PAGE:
A Narrative Response to the 2016 Election - by Hannah Skopicki

A Narrative Response to the 2016 Election - by Hannah Skopicki

 When I was a little girl, my father would always bring me to the polls with him on Election Day. He’d patiently answer every question I had while he filled out his ballot, ensuring I knew as much about politics as a three year old could possibly know. In November of 2000, as we were heading to the polls, my dad turned to me and asked, “Hannah, who do you want to vote for?” My smile filled half of my face; I knew my answer and was practically bursting at the seams to say it aloud. “GEORGE WASHINGTON!” I exclaimed with both confidence and excitement. My father, humoring my young mind, asked me why. I thought the answer was obvious. “Because he’s the father of our country!”  

In 1789, George Washington was unanimously elected to be the first president of the United States, receiving all of the votes from the Electoral College. In 1792, he was once again unanimously elected by the Electoral College. Now, as politics appears to be increasingly polarized, it seems that political divisions run stronger than political ties.  According to the Pew Research Center, 92% of Republicans are to the right of the average Democrat, and 94% of Democrats are to the left of the average Republican, creating a large gap between conservative and liberal voices that permeates political discourse and campaign rhetoric.

 Most Americans will be intimidated by these outrageous numbers, but very few will be surprised. Recent elections have been inundated with pointed fingers, monstrous accusations, and extreme outbursts. How did we get from the unanimous elections of 1789 and 1792 to the highly contentious election of 2016? This is not a history lesson or a call for complete agreement. A lot has changed about America since it was founded. We are now more progressive, industrial, inclusive, and more connected than we ever were, and this is a very good thing. However, we have forgotten one very important notion, that our goals generally are not as different as they appear. Both Republicans and Democrats include in their party platform that they seek, for example, to increase healthcare coverage for civilians. The differences are in the nuances, the implementation and the legislation required to achieve this end. These nuances could theoretically provide an excellent platform for discussion, debate, and even argument. With an open-minded exchange of ideas between leaders on both sides of the aisle, compromise could be attainable.

However, a lack of discourse and a lack of independent thought has pervaded politics in the United States. We seek comfort in surrounding ourselves with views similar to our own, and shy away from those whose viewpoints differ. This is both non-productive and potentially dangerous. According to the New York Times, when surrounded only by one ideology, rumors about “the other” become stronger and scarier. These so-called “Echo Chambers” may temporarily feel protective, but ultimately they halt our growth by impeding exposure to challenging ideas and never giving us the chance to defend, develop, and solidify our points of view.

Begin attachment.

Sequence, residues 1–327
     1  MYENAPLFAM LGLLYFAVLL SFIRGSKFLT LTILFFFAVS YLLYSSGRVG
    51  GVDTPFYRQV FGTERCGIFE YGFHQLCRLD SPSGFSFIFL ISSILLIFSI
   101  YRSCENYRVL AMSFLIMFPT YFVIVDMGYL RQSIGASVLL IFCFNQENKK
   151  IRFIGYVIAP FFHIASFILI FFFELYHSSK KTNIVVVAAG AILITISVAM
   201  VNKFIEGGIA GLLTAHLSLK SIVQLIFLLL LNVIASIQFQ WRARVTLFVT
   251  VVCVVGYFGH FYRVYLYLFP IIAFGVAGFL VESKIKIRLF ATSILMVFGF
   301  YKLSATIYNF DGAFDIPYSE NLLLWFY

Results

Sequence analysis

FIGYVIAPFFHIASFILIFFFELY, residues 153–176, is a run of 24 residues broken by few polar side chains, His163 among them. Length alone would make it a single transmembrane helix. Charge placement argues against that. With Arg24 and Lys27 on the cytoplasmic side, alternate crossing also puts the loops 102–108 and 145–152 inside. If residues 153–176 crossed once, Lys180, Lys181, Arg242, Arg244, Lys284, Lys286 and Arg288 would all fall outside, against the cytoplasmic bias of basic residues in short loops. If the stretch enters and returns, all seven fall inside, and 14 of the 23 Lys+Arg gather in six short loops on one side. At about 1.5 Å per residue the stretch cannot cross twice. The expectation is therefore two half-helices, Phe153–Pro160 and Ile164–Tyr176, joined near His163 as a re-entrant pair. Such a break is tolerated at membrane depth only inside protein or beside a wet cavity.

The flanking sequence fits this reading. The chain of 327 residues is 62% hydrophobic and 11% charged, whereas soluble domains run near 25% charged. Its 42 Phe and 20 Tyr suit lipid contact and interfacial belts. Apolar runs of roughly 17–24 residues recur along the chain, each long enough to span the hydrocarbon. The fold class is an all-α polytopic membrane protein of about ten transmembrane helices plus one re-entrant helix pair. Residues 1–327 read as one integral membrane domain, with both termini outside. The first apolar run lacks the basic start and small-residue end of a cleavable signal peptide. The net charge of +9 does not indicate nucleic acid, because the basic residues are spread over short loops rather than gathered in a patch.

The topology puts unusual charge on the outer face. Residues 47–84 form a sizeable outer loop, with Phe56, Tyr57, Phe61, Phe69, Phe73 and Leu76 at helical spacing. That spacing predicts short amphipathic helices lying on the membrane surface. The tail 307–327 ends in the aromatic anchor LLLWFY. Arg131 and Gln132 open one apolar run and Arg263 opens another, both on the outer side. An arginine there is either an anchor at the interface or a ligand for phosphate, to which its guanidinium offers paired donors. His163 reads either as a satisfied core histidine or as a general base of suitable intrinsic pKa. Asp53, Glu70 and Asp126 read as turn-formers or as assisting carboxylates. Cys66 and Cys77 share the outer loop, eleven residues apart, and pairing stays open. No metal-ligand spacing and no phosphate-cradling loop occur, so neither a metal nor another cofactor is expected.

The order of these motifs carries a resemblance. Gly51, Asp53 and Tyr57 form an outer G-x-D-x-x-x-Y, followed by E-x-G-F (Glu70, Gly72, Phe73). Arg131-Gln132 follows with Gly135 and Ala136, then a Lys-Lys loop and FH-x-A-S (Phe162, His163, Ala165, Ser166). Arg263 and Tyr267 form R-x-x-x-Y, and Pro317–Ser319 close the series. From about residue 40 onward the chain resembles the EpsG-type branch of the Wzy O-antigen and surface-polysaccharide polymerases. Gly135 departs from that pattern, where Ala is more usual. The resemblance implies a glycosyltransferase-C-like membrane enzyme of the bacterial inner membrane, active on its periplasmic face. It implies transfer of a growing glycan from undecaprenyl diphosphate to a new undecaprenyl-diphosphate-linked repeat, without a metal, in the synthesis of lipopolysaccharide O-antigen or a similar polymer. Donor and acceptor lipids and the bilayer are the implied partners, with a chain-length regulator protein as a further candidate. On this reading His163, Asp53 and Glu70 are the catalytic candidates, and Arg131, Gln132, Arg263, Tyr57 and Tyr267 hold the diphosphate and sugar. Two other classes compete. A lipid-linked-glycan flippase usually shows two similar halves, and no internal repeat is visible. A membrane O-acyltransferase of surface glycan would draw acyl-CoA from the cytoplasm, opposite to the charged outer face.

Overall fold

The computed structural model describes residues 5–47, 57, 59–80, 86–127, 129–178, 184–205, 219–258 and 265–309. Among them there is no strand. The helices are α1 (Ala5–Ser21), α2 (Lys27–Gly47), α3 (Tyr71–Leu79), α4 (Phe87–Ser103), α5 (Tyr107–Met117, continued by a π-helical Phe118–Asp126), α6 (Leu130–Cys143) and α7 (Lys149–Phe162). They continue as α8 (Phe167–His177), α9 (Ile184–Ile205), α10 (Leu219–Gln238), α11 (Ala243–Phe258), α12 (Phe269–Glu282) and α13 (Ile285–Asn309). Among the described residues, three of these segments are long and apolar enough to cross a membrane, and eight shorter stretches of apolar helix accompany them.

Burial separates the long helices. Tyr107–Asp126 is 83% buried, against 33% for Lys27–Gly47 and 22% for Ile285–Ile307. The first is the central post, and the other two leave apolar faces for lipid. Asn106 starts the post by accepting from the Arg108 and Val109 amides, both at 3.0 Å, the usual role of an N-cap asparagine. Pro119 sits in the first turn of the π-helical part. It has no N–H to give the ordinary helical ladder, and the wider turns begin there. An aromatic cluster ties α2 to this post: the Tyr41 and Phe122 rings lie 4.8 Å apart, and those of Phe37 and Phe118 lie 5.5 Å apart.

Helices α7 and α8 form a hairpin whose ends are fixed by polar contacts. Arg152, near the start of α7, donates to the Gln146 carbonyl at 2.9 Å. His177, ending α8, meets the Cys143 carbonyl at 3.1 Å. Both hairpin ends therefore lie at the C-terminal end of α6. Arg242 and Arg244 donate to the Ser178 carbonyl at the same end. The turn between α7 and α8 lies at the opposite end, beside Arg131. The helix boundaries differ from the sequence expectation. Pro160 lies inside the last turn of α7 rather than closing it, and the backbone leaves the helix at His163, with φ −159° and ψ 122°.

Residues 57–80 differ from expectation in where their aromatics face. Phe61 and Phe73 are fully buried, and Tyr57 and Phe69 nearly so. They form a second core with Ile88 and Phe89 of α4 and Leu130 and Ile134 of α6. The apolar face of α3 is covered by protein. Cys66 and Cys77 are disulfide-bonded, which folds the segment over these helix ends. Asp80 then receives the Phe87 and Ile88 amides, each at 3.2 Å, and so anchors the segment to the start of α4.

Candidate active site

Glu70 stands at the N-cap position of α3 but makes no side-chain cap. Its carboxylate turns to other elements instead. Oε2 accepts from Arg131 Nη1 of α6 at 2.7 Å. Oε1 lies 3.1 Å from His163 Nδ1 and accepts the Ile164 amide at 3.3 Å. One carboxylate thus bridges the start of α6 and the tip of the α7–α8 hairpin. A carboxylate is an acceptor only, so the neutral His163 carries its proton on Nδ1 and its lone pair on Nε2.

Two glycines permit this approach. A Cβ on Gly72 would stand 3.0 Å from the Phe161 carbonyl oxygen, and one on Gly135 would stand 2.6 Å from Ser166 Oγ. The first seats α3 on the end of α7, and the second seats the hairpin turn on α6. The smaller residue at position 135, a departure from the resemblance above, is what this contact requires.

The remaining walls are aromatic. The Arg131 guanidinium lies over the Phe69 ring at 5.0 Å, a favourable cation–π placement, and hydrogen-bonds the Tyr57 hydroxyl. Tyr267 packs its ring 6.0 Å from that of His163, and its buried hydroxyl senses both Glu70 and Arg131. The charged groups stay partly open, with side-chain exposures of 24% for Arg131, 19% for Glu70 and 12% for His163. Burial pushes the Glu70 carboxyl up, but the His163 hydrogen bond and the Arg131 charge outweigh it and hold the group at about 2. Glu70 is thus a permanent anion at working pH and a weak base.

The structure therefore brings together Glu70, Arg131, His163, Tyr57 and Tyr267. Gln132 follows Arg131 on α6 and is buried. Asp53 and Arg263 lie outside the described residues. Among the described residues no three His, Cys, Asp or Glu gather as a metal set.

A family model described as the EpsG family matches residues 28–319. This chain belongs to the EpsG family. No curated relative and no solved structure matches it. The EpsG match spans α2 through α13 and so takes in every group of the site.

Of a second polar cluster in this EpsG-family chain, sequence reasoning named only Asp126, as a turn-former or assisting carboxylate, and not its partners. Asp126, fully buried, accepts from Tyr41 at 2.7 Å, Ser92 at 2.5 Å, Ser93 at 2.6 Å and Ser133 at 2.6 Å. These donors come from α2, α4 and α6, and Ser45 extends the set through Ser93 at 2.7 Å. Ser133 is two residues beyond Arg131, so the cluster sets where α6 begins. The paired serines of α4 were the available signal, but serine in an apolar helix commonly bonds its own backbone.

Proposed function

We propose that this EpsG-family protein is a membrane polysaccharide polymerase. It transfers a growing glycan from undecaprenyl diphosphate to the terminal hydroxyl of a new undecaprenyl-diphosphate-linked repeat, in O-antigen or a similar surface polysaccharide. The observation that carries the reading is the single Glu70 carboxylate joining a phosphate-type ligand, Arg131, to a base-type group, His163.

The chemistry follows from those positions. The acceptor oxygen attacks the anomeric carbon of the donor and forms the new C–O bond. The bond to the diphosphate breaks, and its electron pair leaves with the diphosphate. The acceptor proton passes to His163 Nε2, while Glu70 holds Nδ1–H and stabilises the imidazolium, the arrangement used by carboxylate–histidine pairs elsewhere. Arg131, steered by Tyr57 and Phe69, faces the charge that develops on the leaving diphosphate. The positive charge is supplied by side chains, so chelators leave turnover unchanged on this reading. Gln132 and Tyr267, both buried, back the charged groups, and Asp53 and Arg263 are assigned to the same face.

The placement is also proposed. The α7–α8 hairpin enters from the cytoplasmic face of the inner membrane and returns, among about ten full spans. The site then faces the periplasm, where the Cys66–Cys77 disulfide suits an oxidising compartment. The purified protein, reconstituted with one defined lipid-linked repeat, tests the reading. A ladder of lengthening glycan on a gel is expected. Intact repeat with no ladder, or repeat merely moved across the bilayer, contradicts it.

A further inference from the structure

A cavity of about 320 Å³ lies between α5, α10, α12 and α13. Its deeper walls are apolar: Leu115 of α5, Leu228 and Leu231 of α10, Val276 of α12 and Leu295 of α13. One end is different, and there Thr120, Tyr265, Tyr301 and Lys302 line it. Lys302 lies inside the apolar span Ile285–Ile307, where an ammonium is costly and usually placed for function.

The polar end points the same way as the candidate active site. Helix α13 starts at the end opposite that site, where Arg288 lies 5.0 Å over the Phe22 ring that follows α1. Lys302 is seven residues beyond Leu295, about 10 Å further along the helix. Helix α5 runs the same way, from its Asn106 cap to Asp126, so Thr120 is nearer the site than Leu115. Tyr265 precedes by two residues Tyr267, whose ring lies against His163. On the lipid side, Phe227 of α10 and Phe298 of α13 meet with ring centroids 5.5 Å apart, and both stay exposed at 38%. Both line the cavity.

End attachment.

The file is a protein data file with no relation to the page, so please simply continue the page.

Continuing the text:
It does not have to be this way. In Gallup polls, more Americans are self-identifying as “leaners” to one party or the other instead of strictly identifying themselves to a particular party platform. These leaners understand that having a party to connect themselves to is helpful, but they also understand that not being tied down to a singular viewpoint opens up a world of opportunities, allowing them the ability to change their minds, learn about new ideas, and become independent thinkers. These are registered Republicans and Democrats committed to educating themselves on the issues and creating their own political views. Views they can argue, defend, and develop with time.

I often am asked why I am fascinated by politics, why I am so drawn to such a contentious field. There is no simple or direct answer. To me, politics is about our ability to change, to formulate our thoughts, the art of legislation, and understanding that our ideas are flexible. I believe that politicians are drawn to the need to make a difference, to improve our world for both the present and the future. So when a child asks his or her parent who they are voting for, they are really asking that parent, “What are you doing today to ensure a better tomorrow for me and the rest of the world?” Through passionate yet respectful debate, through a knowledge that governance requires coalition and compromise, and through understanding that striving to be right means sometimes we are wrong, we change. To grow we must learn, explore and adapt. We can each find our own “George Washington” if we nurture our leaders AND ourselves. And if the person elected is not the person you voted for, fight tooth and nail to ensure your views are represented, because that, is the spirit of democracy.

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